The Little Nell Gets a Big Makeover | Drapery Connection

Designer Holly Hunt replaces everything from lamps to ice buckets to 'get the country out'

It was just about 20 years ago that Ms. Hunt, now 63, opened her first showroom in Chicago's Merchandise Mart in 1984. Her big moment came in 1993, when she signed an exclusive licensing agreement to produce and market Christian Liaigre designs in North America, kicking off the popularity of leather sofas, dark woods and gray walls. Ms. Hunt's company made about $150 million in revenue last year, half of which came from her own product lines. Her clients include such celebrities as Brad Pitt and Ellen DeGeneres.

Mr. Speers estimates the hotel will pay some 35% more for the project using Ms. Hunt than it would if it were using a top hotel-design firm. And a hotel that's shut for months during construction means additional lost revenue. Already the hotel has seen a drop of 12% in guests over the past year because of the recession. "It was a pretty high-risk decision, but we thought it was essential," says Paula Crown, a member of Chicago's Crown family, which owns the Little Nell. She adds that the renovation helps make the hotel more environmentally sustainable by installing systems that shut off the lights, switch off the fireplace and lower the temperature when no one is occupying the room, and LED lighting.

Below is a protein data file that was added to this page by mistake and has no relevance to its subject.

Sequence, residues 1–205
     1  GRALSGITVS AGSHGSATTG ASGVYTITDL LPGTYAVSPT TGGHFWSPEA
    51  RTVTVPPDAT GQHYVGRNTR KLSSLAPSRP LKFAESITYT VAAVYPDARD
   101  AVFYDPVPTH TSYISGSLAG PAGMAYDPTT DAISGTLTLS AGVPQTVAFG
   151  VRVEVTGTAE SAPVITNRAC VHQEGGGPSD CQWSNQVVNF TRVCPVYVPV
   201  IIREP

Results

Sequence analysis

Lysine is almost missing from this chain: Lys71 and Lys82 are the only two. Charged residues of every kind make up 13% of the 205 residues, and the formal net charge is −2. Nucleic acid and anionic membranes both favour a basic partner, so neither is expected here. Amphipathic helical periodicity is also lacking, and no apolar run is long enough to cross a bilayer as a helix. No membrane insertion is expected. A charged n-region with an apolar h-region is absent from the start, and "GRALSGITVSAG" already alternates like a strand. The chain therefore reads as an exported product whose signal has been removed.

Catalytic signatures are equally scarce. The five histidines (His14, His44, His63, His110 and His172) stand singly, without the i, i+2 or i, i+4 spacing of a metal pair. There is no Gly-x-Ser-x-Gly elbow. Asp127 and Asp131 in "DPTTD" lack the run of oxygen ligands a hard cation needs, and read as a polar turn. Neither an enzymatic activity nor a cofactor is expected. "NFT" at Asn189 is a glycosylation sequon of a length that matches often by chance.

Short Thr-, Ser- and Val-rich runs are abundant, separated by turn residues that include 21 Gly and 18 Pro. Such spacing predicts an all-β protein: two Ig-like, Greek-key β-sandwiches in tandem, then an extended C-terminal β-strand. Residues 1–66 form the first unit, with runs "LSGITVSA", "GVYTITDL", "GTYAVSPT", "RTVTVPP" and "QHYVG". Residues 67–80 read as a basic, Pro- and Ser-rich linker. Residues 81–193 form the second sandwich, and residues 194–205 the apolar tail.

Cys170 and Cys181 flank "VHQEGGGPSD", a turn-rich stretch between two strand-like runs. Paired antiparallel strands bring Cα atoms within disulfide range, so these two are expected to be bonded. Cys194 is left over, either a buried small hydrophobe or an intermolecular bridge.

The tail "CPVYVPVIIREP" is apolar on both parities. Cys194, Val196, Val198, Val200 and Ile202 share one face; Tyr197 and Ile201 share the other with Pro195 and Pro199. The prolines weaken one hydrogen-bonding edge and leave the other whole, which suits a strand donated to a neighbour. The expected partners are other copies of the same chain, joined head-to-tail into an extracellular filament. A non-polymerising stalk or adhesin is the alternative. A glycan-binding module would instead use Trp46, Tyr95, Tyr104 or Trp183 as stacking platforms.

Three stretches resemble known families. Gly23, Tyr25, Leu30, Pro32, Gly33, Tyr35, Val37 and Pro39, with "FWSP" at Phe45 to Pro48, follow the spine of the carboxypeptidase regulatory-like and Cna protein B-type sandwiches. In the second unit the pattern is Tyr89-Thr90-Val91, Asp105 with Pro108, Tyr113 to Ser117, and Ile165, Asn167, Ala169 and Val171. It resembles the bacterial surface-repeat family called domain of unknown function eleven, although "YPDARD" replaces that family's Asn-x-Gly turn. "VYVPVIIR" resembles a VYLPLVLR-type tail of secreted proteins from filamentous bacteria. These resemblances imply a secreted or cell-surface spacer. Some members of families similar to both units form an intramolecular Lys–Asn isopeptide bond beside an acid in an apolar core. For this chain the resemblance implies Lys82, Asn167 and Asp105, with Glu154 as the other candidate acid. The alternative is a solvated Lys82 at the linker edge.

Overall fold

The hotel, which says 65% of its guests are repeat visitors, says it chose Ms. Hunt because it wanted a residential rather than a commercial feel ”and because many of its guests recognize her name and own her furniture. (Ms. Hunt, who has a townhouse at the base of Snowmass, is a well-known local.) Located at the base of Aspen's gondola, the Little Nell is front and center in Aspen's see-and-be-seen scene. Room rates average $1,200 a night in high season.

Initially, the hotel says Ms. Hunt's first stab pushed the new look too far. Guests who stayed in the first model room, finished last year, complained it was too gray, slick and urban. The streamlined leather armchairs with exposed nail heads weren't comfortable and the draperies were too dark. They wanted more color, more of an Aspen connection.


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